Farmers’ verdicts on precision farming technology

Precision farming is the current buzz word in agriculture but how does it really shape up?

We asked past Farmers Weekly Awards winners and runners up for their views on the technology they are using on their farms.

More on this: Drones to have a bigger role in mapping arable crops

Andrew Ramply: Runner up Arable Farmer of the Year 2011

Main crops: Wheat, oilseed rape, beans, potatoes

Technology:  Auto-section control on sprayer

Investment:

Two years ago, Mr Ramply decided to update his Househam AR 3000 sprayer with new technology after seeing the rising costs of his sprays.
 
How it works:

The auto section control system he uses operates boom sections automatically using a positioning system and a precise on-off timing to minimise over-application and overlaps.

Advantages:

Mr Ramply is making pesticide savings of £2,000 a year that will help pay off the cost of the system in about three years.

The future:

Mr Ramply hopes to enhance further the use of agrichemicals on his 1,295ha arable farm at in St Neots, Cambridgeshire by mapping blackgrass populations across his cereal and oilseed rape crops.

Colin McGregor: Arable Farmer of the Year 2011

Main crops: Wheat, OSR, potatoes, spring beans and peas

Technology:  SOYLseed – variable rate seed

Investment:
 
The SOYLseed service used by Mr McGregor gives a series of maps, which he is able to calculate variable seed rates for £15/ha rates.

How it works:
 
The SOYLseed service works by taking a survey of the soils physical properties and using these to create different soil zones. These are then used to calculate seed rates.
Advantages:

Mr McGregor has seen more even plant stands across each of his fields, as he is able to apply seed and input to match the variability of his soils.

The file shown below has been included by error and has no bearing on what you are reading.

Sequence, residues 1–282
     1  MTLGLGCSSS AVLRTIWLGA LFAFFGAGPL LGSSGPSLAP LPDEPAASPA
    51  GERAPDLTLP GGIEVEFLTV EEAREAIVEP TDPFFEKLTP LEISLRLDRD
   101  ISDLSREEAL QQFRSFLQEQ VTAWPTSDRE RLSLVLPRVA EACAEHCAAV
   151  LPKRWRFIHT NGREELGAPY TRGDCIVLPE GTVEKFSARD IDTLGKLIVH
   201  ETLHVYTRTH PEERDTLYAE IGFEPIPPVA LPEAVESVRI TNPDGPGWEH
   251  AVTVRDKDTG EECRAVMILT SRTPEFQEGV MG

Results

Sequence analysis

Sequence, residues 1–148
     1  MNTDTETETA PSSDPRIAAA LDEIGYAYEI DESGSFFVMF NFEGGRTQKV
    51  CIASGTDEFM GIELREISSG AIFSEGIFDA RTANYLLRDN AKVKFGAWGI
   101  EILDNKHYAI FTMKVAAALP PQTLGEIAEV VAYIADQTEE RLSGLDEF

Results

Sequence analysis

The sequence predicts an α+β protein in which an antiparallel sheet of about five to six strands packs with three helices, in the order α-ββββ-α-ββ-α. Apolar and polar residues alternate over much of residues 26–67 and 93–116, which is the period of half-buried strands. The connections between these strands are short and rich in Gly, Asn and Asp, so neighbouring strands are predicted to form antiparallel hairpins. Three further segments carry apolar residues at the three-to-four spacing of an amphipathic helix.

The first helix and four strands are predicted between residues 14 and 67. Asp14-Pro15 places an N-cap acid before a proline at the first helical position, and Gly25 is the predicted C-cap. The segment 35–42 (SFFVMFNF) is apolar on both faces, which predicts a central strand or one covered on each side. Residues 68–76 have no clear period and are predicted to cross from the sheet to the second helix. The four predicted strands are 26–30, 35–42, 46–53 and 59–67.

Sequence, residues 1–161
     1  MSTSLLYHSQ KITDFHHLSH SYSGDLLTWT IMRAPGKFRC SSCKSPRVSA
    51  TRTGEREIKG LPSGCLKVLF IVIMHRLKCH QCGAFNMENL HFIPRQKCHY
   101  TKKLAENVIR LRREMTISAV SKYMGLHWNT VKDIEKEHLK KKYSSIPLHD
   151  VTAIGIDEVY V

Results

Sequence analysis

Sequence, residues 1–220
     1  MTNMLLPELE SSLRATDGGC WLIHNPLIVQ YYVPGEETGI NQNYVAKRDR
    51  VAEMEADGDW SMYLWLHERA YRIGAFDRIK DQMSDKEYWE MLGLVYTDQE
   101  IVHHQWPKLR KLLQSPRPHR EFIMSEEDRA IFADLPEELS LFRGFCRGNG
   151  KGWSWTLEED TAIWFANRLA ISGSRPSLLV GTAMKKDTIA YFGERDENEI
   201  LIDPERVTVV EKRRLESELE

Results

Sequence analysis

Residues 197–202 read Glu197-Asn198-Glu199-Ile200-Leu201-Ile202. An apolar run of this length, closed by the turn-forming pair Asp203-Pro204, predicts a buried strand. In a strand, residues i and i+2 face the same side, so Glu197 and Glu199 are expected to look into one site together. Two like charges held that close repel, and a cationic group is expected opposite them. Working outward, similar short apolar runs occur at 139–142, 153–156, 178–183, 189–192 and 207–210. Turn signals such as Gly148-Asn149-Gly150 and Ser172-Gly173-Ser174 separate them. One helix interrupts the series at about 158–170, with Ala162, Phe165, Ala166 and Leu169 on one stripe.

The future:

Mr McGregor hopes to roll variable inputs out over a larger area of the farm in a bid to reach what he says could be a 9% yield advantage.

David Miller: Runner up Arable Farmer of the Year 2010

Main crops: Wheat, barley, oilseed rape, beans, linseed and oats

Technology:  Yara N-Sensor

Investment:

The N-Sensor has been on hire since 2011 costing £7,000 a year, but Mr Miller has plans to buy the equipment outright which including the money spent on rental would cost in the region of £22,000.

How it works:
 
The tractor-mounted tool measures a crop’s nitrogen requirement as it passes through a field allowing vary fertiliser rates accordingly.

Advantages:

Mr Miller is seeing much less lodging as a result of putting less nitrogen on those areas that are at increased risk. Milling wheat is also seeing big benefits from more nitrogen, which takes the protein levels up.

The future:

Mr Miller is in the first year of using a Stripcat drill to establish his oilseed rape in the hope of getting a more consistent establishment percentage and reducing seed rates.

For more on this: See our precision farming and technology page

Tony Bambridge: Runner up Arable Farmer of the Year 2012

Main crops:  Potaotes, Sugar beet, wheat, oilseed rape, barley

Technology:  John Deere Guidance system

Investment:
 
Systems can reach well over £10,000 according to Mr Bambridge. Depending on the system, it can reach well over £10,000 for a satellite system on a tractor, but despite the initial high costs of implementing a GPS system on to a farm, he believes it can pay dividends.

How it works:

GPS technology works using satellite signals to guide the tractor and its equipment when in the field reducing overlap and improving accuracy.

Advantages:

GPS delivers significant savings on crop inputs, removes staff fatigue as well as saving on fuel and wearing parts. Mr Bambridge estimates savings of up to 10% on cultivations.

The future:
Mr Bambridge has had mixed success with precision farming techniques having previously used variable rate P & K applications. However having root vegetables in the rotation meant indices were fairly good and little benefit was seen according to Mr Bambridge.